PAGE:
13. David- It seems the UK and US are ” up” on the slavemaster food chain, while Ireland and India have been more towards the opposit end. It seems as if the caste system was greatly exacerbated in India after the “Aryan” invasion three or four thousand years ago, and Ireland was enslaved by the Vikings and later on by the Brittish on a different level.

  14. David- Thanks for the compliment. i just heard about an interesting view of history written from the more uncommon “loosers” perspective by Howard Zinn “A Peoples History of the United States.” It’s usually the “winners” who write and then re-write history, but Mr. Zinn has some unique perspectives that i can surely empathise with. If i ever do write anything it is more likely to be pareidolia and philosophically based. At least i have some far out illustrations.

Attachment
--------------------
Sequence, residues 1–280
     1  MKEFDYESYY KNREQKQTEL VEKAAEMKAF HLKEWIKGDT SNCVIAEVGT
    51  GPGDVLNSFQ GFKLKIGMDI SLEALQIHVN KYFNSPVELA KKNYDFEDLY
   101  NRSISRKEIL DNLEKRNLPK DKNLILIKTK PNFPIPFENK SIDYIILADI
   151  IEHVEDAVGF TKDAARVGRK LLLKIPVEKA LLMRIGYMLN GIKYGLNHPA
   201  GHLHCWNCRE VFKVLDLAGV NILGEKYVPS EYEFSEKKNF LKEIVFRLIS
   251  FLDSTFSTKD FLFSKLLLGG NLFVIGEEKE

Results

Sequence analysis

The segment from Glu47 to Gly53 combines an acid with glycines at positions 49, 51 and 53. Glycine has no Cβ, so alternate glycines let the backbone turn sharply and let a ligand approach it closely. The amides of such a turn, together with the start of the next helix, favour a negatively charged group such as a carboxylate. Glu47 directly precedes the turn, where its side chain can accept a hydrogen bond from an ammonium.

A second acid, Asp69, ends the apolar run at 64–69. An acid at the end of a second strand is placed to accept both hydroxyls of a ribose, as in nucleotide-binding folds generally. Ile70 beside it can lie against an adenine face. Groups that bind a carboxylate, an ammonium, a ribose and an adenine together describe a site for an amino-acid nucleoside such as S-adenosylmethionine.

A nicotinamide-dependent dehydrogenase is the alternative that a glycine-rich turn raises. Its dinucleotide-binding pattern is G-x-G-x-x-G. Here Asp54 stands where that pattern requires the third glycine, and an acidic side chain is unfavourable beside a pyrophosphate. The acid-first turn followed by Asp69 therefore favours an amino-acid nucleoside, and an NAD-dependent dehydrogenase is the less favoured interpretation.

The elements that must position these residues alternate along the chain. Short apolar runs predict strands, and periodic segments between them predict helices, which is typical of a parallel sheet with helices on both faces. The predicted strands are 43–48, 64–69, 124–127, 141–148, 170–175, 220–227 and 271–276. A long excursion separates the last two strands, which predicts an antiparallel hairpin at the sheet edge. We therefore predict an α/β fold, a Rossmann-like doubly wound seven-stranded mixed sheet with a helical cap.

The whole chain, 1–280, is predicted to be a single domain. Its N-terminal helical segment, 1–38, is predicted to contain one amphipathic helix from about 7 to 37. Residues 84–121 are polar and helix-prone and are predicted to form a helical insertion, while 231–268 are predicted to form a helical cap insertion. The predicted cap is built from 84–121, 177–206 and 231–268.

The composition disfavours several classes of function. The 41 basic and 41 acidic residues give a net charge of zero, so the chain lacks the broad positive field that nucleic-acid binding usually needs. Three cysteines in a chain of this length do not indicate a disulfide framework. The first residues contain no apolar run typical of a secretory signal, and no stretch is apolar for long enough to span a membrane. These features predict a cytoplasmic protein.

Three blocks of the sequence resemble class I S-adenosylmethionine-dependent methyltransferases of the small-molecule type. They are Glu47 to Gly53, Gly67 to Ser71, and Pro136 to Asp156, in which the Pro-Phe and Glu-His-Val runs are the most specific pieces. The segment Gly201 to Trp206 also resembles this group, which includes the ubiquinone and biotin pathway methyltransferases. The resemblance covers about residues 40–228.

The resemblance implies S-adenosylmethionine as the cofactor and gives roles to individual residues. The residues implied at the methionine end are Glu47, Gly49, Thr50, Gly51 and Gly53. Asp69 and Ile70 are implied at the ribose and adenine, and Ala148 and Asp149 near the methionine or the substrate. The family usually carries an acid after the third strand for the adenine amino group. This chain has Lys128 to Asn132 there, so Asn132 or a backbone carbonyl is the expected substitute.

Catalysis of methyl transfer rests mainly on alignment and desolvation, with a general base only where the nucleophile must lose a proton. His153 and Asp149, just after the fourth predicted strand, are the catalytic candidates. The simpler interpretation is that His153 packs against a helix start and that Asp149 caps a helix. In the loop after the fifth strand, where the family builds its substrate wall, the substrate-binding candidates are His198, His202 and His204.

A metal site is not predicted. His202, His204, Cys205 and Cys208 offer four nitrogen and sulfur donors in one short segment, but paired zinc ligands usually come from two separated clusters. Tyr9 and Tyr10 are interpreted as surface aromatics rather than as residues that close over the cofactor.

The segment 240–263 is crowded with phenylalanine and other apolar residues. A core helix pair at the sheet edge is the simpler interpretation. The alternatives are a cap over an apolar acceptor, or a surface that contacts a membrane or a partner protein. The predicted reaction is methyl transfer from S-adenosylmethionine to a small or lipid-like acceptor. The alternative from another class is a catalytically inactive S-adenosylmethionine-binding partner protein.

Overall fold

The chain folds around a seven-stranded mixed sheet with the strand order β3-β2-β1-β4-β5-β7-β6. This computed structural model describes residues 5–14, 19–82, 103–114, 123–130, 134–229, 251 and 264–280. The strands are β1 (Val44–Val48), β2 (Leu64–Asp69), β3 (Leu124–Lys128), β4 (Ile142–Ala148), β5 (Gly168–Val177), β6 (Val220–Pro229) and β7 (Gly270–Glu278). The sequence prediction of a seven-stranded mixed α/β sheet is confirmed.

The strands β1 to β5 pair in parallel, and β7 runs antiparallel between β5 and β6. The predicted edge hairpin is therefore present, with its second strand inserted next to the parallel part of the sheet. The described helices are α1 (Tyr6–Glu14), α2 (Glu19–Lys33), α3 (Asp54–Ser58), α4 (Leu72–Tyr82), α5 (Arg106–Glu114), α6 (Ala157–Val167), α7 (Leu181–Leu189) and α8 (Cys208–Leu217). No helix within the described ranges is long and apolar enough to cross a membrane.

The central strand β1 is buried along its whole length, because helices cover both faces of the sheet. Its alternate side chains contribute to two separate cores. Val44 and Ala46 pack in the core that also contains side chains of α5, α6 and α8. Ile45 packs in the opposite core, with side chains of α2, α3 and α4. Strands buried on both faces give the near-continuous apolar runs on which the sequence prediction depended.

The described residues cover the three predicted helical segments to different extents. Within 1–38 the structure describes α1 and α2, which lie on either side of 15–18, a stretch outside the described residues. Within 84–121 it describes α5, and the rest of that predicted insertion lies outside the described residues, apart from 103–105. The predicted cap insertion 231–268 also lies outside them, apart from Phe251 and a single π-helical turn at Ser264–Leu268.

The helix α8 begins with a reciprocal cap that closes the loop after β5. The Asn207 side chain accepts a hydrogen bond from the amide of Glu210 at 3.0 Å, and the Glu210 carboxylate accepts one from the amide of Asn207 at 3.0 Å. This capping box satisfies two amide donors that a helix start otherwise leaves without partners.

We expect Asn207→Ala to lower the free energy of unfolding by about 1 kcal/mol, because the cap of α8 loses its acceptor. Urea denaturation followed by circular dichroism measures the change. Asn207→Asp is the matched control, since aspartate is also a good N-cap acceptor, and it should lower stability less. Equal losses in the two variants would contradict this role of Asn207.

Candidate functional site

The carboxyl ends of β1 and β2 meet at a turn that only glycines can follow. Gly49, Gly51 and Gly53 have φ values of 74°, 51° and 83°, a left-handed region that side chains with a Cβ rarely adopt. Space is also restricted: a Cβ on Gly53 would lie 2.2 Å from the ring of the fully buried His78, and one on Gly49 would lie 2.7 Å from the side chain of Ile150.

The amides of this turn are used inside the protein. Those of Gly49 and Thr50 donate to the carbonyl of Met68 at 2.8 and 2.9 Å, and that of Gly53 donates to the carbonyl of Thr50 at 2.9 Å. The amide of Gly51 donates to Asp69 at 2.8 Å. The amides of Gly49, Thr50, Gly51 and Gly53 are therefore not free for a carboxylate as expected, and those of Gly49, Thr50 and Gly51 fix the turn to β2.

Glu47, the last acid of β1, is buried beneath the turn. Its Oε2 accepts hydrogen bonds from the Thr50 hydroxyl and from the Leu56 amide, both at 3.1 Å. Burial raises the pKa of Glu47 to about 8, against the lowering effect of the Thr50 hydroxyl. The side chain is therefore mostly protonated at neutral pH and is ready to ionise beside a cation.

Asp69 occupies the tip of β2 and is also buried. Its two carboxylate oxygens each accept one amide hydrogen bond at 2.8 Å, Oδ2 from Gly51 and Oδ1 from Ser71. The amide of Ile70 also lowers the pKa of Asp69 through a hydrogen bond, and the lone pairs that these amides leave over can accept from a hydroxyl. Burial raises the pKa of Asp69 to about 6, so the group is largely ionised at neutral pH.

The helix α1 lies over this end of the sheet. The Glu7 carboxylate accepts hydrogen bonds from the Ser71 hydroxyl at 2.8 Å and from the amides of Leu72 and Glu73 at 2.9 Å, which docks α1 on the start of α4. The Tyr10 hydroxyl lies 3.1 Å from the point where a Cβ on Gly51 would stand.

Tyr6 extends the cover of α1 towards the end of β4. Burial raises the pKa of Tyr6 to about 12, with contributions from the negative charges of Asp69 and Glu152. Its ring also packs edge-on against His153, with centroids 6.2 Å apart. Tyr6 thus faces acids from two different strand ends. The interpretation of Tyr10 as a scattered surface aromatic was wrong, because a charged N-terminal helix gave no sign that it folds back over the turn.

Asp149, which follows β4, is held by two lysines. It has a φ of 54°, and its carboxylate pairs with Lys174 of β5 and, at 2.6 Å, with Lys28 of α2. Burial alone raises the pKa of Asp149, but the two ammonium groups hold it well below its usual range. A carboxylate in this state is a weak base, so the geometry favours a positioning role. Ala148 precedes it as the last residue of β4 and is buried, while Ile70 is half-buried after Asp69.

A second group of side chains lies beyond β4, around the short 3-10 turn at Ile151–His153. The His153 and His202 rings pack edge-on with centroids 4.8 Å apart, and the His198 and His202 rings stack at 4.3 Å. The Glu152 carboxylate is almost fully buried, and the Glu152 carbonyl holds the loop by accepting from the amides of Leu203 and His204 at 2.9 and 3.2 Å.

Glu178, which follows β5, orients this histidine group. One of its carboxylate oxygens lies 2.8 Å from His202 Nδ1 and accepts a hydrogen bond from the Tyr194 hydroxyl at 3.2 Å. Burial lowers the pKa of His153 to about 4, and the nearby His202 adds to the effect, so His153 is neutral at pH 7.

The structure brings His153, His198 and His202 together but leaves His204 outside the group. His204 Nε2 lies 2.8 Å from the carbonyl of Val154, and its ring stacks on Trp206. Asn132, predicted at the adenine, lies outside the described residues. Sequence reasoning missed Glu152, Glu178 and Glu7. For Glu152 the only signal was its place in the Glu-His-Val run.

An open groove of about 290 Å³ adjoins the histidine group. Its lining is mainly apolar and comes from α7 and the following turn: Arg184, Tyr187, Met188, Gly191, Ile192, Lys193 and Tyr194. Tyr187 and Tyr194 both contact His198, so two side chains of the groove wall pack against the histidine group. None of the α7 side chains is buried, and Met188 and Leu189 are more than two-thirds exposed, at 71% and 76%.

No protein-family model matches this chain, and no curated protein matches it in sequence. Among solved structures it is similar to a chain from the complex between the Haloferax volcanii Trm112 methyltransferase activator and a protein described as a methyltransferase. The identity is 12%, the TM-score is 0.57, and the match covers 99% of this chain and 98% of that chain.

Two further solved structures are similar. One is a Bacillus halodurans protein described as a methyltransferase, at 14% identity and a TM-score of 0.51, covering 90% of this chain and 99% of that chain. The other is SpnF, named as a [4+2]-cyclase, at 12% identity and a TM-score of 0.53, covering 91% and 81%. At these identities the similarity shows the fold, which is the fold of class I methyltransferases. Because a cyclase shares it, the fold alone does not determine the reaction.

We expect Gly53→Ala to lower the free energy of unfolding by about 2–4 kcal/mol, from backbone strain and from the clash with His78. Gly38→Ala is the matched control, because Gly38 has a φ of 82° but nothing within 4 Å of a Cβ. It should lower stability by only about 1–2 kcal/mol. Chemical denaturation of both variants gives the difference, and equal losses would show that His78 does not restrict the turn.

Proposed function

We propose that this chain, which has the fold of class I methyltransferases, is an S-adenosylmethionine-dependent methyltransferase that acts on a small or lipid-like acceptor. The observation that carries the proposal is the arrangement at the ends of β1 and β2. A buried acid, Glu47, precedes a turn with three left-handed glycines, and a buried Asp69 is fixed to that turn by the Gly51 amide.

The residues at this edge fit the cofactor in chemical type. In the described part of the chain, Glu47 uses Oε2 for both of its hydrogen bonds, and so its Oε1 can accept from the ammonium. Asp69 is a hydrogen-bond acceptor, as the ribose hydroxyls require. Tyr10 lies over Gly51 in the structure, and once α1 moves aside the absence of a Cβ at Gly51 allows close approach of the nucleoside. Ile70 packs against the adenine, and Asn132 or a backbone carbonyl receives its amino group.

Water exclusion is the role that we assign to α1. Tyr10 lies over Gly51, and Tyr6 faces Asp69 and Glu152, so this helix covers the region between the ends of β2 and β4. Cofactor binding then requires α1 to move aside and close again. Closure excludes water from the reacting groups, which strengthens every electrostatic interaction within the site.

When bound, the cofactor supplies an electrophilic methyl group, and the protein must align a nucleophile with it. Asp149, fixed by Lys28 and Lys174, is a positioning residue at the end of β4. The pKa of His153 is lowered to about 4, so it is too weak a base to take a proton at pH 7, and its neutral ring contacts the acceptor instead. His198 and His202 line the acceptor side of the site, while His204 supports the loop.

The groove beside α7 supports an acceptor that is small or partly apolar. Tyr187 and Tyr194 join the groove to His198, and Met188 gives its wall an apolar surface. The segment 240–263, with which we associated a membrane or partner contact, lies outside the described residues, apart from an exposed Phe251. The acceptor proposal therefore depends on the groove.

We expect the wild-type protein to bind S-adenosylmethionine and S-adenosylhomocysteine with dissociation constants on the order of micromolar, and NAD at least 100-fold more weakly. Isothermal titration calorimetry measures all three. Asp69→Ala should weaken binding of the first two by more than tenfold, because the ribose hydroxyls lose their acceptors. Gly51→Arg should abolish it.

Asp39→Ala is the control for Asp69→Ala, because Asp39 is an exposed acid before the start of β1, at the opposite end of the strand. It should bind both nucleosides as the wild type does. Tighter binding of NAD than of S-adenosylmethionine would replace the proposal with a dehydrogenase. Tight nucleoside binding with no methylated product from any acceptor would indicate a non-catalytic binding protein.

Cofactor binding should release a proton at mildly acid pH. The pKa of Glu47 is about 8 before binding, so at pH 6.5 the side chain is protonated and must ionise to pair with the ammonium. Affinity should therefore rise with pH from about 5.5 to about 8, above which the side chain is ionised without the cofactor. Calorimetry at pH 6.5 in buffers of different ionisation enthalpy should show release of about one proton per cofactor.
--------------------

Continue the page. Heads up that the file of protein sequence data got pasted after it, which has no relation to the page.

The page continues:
15. David- More than welcome for the pointer. Once you’ve read that, i’m sure you’ll enjoy the following
    1. A power governments cannot suppress
    2. Original Zinn : conversations on history and politics
    3. Voices of a people’s history of the United States
    4. Artists in times of war
    5. Three strikes : miners, musicians, salesgirls, and the fighting spirit of labor’s last century
    6. The Zinn reader : writings on disobedience and democracy
    7. You can’t be neutral on a moving train : a personal history of our times
    8. Failure to quit : reflections of an optimistic historian
    9. Vietnam, the logic of withdrawal
    10. Columbus, the Indians, & human progress, 1492-1992
    11.Power, history & warfare
    12.Declarations of independence : cross-examining American ideology
    13.SNCC, the new abolitionists
    That this humble, brilliant man who grew up in poverty, born of parents with grade school education has been so prolific and unknown by so many; his major works so un-reviewed by major journals, is an education in itself as to what is going on in the world.
    The above thirteen selections (all by Howard Zinn)are all available here at the Alachua County Florida Public Libraray. If anyone wants to know why the Gainesville area is considered by many to be an “enlightened community,” this is one of the reasons.